In too many cases, the sales process is only reviewed and updated when a new sales executive is hired. It seems to be the first place sales executives focus. Perhaps out of comfort more than anything else. And while making too many adjustments to a sales process can cause disconnects and challenges, there should be no fear in evaluating what is working, what is not and making the changes necessary.

91% of the more than 500,000 salespeople assessed to date did not have/follow a structured sales process.
Objective Management Group

There seems to be an unconscious desire to believe that once defined the sales process is set, is something that provides rigor and accountability to a profession that can often be chaotic. I have fallen prey to this myself and I have seen companies put the sales process on a shelf, point to it when needed, but rarely leverage it as an evaluation tool.

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A sales process is a living thing, reflective of your current sales environment, and without attention and review, can often become a stumbling block for teams rather than a tool for acceleration. The right sales process does not need to be complex but does need to be defined and those definitions need to be assessed quarterly because the process tells your team WHAT they need to do to move opportunities forward and your managers WHERE to look when coaching and reviewing accounts.

A sales process, coupled with the right methodology, has the power to enable differentiation of your company, solution, and teams; to help you drive results. But it should not be ignored. I recommend a quarterly review of the process to ensure it is providing the right impact and delivering management the correct insight.


The last leg of the stool is sales skills. The skill set required to be successful in sales is extremely varied and perhaps the reason there is only one college, I am aware of, offering a sales focused curriculum. These skills fuel your sales engine – allowing sales professionals to consistently leverage the chosen sales methodology and sales process to achieve the desired goals and targets.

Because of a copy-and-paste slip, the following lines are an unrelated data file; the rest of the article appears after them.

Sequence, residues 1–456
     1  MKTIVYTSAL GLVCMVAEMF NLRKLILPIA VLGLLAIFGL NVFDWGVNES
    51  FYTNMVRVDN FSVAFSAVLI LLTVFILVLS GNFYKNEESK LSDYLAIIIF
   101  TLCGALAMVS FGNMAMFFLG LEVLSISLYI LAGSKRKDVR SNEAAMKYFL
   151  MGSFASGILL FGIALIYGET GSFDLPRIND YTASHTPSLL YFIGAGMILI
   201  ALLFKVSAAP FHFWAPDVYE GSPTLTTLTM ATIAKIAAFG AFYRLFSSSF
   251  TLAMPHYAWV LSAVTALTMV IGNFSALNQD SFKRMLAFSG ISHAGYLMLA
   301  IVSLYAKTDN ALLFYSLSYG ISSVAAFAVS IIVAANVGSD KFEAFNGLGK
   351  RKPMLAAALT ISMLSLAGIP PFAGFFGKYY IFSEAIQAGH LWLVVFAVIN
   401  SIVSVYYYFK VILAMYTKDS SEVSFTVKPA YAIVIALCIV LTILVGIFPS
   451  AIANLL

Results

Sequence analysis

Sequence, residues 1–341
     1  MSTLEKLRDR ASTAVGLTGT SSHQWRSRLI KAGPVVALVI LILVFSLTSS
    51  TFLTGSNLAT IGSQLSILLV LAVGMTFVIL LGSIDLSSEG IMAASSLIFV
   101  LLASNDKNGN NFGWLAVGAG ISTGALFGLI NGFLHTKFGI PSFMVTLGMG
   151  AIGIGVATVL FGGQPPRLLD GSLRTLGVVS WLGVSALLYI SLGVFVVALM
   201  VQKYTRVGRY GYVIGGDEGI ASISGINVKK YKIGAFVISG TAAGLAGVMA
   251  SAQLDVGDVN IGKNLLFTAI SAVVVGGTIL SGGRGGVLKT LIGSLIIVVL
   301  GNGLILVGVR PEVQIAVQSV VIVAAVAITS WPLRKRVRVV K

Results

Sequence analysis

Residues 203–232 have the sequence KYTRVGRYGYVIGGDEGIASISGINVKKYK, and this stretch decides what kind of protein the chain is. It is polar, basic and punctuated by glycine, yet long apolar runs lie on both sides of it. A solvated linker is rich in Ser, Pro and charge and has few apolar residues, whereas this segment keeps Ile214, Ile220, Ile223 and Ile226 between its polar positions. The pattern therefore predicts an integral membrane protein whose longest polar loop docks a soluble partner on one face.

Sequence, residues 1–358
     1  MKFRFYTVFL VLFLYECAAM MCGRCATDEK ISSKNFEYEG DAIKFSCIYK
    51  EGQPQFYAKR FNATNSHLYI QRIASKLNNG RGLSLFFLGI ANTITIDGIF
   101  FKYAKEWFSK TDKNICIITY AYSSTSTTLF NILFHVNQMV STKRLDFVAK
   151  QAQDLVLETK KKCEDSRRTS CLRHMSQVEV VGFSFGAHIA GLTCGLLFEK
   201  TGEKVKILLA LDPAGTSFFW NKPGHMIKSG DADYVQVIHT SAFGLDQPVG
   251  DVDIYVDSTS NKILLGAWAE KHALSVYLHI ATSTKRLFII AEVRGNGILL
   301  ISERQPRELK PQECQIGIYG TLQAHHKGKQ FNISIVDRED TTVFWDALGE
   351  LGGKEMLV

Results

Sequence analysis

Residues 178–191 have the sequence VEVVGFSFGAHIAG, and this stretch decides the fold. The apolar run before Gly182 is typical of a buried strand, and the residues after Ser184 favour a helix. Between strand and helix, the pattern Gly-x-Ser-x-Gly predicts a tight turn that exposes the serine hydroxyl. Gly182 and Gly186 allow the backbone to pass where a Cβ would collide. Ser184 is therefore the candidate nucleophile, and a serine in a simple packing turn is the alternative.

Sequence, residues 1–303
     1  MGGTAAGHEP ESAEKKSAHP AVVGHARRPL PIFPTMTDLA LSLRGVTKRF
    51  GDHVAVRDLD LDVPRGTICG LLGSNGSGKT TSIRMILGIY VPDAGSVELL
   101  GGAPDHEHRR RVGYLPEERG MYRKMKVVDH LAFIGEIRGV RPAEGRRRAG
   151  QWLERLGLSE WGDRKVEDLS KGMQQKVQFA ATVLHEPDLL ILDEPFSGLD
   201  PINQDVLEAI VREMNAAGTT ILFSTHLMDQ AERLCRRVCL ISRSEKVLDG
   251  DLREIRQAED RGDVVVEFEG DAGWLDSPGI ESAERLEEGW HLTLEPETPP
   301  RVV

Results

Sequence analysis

The diverse skill set of ultra-high performers is also part of what makes interviewing sales professionals a challenge – there are behaviors which indicate awareness of the desired skill set, but often no way to test a person’s effectiveness in any given skills area. Sales skills impact every aspect of the sales process and can provide a micro area to focus on to create impact.

55% of the people making their living in sales don’t have the right skills to be successful.
Caliper Corp

But again, we want to think macro. As a sales leader, you should be looking at the entire skills landscape of your team as compared to the ideal profile. It is easy for sales executives to embrace the perceived immediacy of developing and training in any one of the skills-based areas but looking across the skills set of the entire team is where large impacts can be generated.

Consider just a small sample of skills possessed by top performers:

Yes, there will be times when focused training on one set of skills is required, but ensuring those focuses efforts support a larger pool of skills becomes the challenge. Upleveling and maintaining the skills of a growing and diverse sales team is a constant challenge, but one that fuels the investments in methodology and process to drive record-setting results.

The reality is we live in a business environment where everything feels as if is accelerating and this is nowhere more true than in the offices of B2B sales executives. The demands on our time continue to multiply, technology provides insights and often data points but can be overwhelming, and there is always someone who wants to talk about something.

Focusing on each of these, in turn, is part of the job, but if you are working to maintain the macro context of your sales methodology and sales process, it will be easier to prioritize what needs attention and drive the results you know you can deliver.